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  (Source: Barnes & Noble)
Nook covers most of the bases at a very low cost, but it doesn't do anything great

Launching at $250, the Nook Color, a new e-book reader from America's largest book retailer, Barnes & Noble, is an interesting proposition.  It lacks apps, but otherwise offers most of the features of a tablet, albeit crippled to various degrees.  The 7" E-Book Reader's closest competitors are the Samsung Galaxy Tab and Apple iPad -- the latter of which sells for $399 in 3G form on Sprint, and the former of which sells for $499 in Wi-Fi form/$629 in 3G form on AT&T.

The device just started shipping and the early reviews have come in.


The Nook Color packs a 7-inch 1024x600 in-plane switching (IPS) LCD display.  IPS have been around since 1996 when Hitachi invented them.  Many argue that IPS displays are harder to read that E Ink displays, such as the display in the Kindle and the original Nook.  Part of this is due to increased reflectivity.  

Versus a traditional tablet like the iPad, Barnes & Noble has employed a new full-lamination tech called "VividView" which decrease unglued areas that catch light and cause glare.  Reviews at
Gizmodo and Engadget both complain, though, that the glare is worse than traditional e-book readers.

Inside, the Nook Color is powered by a TI OMAP 3621 CPU clocked at 800MHz, 512 MB of RAM, and 802.11b/g/n WiFi.  There's no 3G.  There is 8GB of flash storage, a microSD slot, micro-USB connector, and 3.5mm headphone jack.

The device is slightly thicker than the Galaxy Tab (0.48-inches, versus 0.472-inches), and weighs slightly more (1 lb versus 0.84 lb).

Battery is 8 hours without Wi-Fi.  That comes partially thanks to a light sensor that dims the screen when its under light.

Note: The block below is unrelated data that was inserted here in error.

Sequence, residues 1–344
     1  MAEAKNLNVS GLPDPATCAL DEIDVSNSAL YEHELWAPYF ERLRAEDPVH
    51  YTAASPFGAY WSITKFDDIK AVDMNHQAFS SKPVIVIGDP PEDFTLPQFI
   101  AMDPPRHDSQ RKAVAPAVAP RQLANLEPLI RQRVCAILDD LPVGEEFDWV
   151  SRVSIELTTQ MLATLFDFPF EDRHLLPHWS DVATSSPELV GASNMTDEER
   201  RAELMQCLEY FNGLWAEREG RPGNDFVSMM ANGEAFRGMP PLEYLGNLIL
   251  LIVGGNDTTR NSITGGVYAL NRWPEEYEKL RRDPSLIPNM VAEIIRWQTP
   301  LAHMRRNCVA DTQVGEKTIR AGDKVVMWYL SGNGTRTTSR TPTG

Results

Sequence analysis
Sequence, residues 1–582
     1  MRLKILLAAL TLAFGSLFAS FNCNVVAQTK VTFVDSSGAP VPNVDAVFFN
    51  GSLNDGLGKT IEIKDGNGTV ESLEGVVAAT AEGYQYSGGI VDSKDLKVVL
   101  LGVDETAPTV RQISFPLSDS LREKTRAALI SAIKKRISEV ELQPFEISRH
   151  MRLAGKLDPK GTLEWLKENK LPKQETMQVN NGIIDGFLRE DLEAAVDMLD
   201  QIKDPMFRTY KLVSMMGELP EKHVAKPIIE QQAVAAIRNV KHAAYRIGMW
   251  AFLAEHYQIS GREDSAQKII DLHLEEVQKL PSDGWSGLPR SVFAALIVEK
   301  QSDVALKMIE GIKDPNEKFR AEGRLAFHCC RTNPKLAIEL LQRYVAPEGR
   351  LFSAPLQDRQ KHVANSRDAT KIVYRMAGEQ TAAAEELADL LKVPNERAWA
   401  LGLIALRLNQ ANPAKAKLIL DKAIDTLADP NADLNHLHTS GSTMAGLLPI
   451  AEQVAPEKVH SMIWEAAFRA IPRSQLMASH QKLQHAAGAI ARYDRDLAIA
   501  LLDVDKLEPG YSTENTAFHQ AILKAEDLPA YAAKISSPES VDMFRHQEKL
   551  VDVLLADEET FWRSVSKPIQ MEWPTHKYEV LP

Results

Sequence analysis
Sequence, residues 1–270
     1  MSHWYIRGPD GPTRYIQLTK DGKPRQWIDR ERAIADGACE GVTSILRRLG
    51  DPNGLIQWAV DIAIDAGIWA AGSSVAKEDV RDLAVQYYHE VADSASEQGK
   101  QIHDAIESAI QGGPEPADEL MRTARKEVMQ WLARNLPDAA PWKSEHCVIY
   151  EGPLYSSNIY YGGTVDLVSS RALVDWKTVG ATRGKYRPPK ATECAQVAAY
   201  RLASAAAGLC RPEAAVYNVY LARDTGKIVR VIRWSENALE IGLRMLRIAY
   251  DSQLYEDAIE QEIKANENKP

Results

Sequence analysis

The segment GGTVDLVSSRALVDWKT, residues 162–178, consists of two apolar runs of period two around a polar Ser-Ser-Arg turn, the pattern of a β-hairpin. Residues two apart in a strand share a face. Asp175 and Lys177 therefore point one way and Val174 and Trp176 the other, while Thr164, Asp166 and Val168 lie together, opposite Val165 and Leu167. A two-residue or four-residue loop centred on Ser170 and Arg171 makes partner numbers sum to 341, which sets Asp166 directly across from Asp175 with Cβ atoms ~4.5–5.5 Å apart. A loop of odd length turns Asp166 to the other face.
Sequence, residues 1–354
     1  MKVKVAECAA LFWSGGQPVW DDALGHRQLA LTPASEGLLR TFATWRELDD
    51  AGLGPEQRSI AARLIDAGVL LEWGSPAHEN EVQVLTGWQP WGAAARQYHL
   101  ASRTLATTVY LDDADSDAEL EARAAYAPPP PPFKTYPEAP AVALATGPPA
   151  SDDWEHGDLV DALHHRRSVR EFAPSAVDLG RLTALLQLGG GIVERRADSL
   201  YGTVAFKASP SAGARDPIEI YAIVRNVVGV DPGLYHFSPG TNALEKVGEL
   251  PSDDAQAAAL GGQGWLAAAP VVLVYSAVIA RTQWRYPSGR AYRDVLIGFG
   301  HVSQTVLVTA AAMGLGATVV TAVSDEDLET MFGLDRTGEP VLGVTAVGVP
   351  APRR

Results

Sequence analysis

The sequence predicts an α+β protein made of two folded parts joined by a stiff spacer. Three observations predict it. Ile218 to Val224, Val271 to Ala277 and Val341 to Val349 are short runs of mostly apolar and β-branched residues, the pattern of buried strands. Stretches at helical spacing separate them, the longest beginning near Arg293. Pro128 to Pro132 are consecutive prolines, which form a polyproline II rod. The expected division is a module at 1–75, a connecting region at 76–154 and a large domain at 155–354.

The Nook Color's big secret is that it is Android device.  Hidden inside it is Android 2.1 ("Eclair").


While magazines and newspapers are reportedly inferior to a 10" format, due to size issues, the tablet reportedly handles e-books better than the iPad or Tab.  
Gizmodo writes, "[I]t's arguably the first seven-inch device that's been designed to be one from the beginning, rather than a puffed-up phone."

However, problems also abound.  The music player is reportedly hard to use and doesn't automatically recognize newly added songs until you reset.  The web browser doesn't support pinch-zoom and breaks on many sites (including those that use Flash).

Supported audio and video formats are limited.  The device can play movies on YouTube -- but only at the lowest resolution.

Reviewers praised the inclusion of an Microsoft Office-document viewer (.ppt, .doc), which was a bit slow but got the job done.  They also said the PDF reader was superb.

Despite being an Android tablet, the Nook Color does not support the Android Market.  Reviewers were baffled by this.